It seemed like PNG didn’t have an answer; the 124-run partnership went on for 23 overs. At last, Vanua provided the breakthrough when Kotze mistimed a pull to deep midwicket.
Erasmus had already crossed 50, but Vala dismissed Zane Green for 1 in the very next over. However, the experienced Craig Williams arrived, and a crucial 29-run stand pushed Namibia closer. Erasmus’ wicket fell while he tried to play a big shot, and Jan Frylinck was bowled by Pokana.
However, it was too little too late for Papua New Guinea – Williams eased his way to an unbeaten 36 from 43 balls to take his side over the line. It was Namibia’s second win in the series.
The tri-series in Florida culminated with another cracker of a game between the two visiting sides. A strong all-round performance from Namibia helped round off a productive event, while Papua New Guinea lost their eighth consecutive game in League 2.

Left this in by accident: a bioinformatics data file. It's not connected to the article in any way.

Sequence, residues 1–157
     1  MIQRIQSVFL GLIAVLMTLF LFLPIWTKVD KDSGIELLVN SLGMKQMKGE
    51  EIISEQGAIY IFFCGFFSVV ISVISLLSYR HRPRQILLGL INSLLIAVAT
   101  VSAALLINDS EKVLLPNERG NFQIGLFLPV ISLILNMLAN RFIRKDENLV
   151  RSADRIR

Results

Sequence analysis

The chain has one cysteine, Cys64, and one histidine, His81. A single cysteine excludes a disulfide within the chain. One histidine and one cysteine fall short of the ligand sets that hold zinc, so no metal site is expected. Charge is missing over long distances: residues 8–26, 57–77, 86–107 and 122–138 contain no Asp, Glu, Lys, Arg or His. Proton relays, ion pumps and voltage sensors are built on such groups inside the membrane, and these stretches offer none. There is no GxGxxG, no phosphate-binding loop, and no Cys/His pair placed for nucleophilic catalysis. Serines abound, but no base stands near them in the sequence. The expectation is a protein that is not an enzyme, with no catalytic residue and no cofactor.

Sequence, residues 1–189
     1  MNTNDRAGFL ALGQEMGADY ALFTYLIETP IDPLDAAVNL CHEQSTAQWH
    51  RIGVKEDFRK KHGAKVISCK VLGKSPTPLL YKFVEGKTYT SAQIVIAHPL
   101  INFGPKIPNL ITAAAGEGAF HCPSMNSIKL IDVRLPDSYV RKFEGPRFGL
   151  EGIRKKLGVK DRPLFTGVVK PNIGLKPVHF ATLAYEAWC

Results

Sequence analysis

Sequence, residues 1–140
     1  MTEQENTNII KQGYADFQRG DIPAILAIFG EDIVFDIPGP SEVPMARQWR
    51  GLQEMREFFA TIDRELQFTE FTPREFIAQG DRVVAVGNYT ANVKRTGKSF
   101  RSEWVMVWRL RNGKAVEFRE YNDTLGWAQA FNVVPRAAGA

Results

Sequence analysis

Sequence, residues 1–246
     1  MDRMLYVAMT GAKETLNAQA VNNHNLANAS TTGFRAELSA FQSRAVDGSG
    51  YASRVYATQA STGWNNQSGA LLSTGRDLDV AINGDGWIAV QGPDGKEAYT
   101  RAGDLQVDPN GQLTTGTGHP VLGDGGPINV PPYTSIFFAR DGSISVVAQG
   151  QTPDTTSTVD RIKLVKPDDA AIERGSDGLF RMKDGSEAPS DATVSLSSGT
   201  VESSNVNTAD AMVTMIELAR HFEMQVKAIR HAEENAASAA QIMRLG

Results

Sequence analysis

Papua New Guinea handed an ODI debut for medium pacer Riley Hekure. Namibia won the toss, and elected to bat.
The decision proved to be a fruitful one early on, as Stephen Baard and JP Kotze added 60 for the first wicket. It was spin for the win again, as Assad Vala’s offspin bowled Kotze with just a hint of turn.
Craig Williams came in at first drop, and cobbled a 64-run stand with Baard, who went on to score a half-century. Vala was the partnership breaker once again, inviting an attempted slog from Williams, which went as far as long-on.
Baard was the rock of this batting lineup, putting together a solid 73 from 97 deliveries, batting through more than two-thirds of the innings. Middle-order cameos from Zane Green, JJ Smit, and Jan Frylinck added the much-needed impetus after Baard’s wicket.
It seemed like 280 was within reachable distance, but superb death bowling from left-arm pacer Pokana limited the late-innings acceleration. An important triple-strike polished off most of the lower order, and Namibia would finish at 260 for 9, a strong total given the nature of the batting track.
PNG got off to a positive start early in the chase, with Tony Ura smacking Frylinck for a six in the second over. While Ura was carrying on with his attacking approach, rookie opener Simon Atai chose to dig in and provide stability. Ura’s knock was cut short when he tried to go downtown off Frylinck, holing out to long-on.